Effect of earthquake duration on structural reliability
Modern design methodologies rely on accurate estimates of structural reliability indices for code calibration and design. In general, most methodologies do not explicitly account for earthquake duration when calculating reliability indices. This paper presents a summary of a study whose goal was to provide a basic method to better estimate the effect of earthquake duration on structural reliability using (1) an ultimate strength and a (2) low-cycle structural damage-based limit state function. The damage model developed by Park and Ang was coupled with the theory of order statistics all within a Monte Carlo simulation framework in order to estimate the probability of failure for hypothetical groups of structures. Structures were idealized using elasto-plastic oscillators in order to simplify the analysis and make it general enough to compare with future or existing studies. A response database was used to provide randomness beyond the number of time domain simulations initially performed. Existing suites of ground motion time histories were scaled using linear response spectrum scaling for soil conditions using a well-known attenuation relationship. This study is unique in that it allows variation in the peaks of the highly non-linear structural response without actually performing time domain analyses, which are commonly employed in earthquake engineering. A simple measure was introduced and termed the duration effect factor (DEFβ) and is defined as the slope of a best-fit line for multiple reliability indices plotted against duration. The DEFβ could help provide a means for comparison between earthquake duration studies, which has otherwise been difficult. © 2004 Elsevier Ltd. All rights reserved.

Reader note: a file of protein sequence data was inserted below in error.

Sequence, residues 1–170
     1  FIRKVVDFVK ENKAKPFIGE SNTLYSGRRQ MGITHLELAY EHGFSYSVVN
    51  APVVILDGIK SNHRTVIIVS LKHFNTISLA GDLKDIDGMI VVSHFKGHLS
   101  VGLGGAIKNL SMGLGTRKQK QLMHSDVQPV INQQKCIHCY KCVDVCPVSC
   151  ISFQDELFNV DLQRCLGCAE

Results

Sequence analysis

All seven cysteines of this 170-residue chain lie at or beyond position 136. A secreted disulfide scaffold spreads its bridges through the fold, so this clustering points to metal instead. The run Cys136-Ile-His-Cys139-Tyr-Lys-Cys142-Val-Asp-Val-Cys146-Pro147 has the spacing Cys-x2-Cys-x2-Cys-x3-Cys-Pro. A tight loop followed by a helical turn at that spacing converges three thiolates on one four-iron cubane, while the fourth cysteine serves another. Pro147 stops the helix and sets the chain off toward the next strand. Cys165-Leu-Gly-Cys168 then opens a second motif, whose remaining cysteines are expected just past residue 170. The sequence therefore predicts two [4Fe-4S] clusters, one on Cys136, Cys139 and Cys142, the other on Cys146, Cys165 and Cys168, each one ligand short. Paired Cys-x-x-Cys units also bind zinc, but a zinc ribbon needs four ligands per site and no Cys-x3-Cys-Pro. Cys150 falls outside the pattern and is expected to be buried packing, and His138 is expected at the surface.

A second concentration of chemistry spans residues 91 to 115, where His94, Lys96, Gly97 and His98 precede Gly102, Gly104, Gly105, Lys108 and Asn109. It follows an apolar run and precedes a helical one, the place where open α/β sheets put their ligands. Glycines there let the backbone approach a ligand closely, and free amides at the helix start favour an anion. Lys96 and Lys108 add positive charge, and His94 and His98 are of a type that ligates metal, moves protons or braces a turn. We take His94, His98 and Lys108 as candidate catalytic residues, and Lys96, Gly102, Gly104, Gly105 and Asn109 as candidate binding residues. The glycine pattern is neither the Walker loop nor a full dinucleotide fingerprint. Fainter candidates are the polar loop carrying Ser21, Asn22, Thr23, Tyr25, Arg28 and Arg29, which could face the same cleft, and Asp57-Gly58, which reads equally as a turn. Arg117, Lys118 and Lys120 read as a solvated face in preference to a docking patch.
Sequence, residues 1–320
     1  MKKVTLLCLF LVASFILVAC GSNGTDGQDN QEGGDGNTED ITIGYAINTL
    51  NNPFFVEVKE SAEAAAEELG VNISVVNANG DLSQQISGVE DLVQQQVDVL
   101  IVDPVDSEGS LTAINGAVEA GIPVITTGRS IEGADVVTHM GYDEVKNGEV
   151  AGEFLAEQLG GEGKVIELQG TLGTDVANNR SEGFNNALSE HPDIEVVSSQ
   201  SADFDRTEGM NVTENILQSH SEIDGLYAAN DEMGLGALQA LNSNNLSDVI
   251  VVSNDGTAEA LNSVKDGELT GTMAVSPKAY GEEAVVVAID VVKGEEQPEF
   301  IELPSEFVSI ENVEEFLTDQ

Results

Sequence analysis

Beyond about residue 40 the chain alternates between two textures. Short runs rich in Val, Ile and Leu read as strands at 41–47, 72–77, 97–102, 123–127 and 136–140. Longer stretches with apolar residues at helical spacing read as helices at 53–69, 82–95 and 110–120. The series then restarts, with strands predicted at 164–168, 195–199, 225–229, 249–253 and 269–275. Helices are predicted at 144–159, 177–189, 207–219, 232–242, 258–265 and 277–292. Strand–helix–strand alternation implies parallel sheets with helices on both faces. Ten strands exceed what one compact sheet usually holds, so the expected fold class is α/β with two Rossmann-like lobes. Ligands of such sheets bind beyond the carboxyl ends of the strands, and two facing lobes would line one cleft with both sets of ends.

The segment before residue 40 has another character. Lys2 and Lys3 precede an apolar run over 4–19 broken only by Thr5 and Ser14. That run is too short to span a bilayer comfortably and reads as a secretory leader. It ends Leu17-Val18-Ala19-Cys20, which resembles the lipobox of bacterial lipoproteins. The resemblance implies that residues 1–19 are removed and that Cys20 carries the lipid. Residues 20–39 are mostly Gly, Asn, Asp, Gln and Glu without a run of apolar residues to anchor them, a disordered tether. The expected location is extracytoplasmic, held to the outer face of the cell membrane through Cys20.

van de Lindt, J.,
Effect of earthquake duration on structural reliability.
Retrieved from: https://digitalcommons.mtu.edu/michigantech-p/6349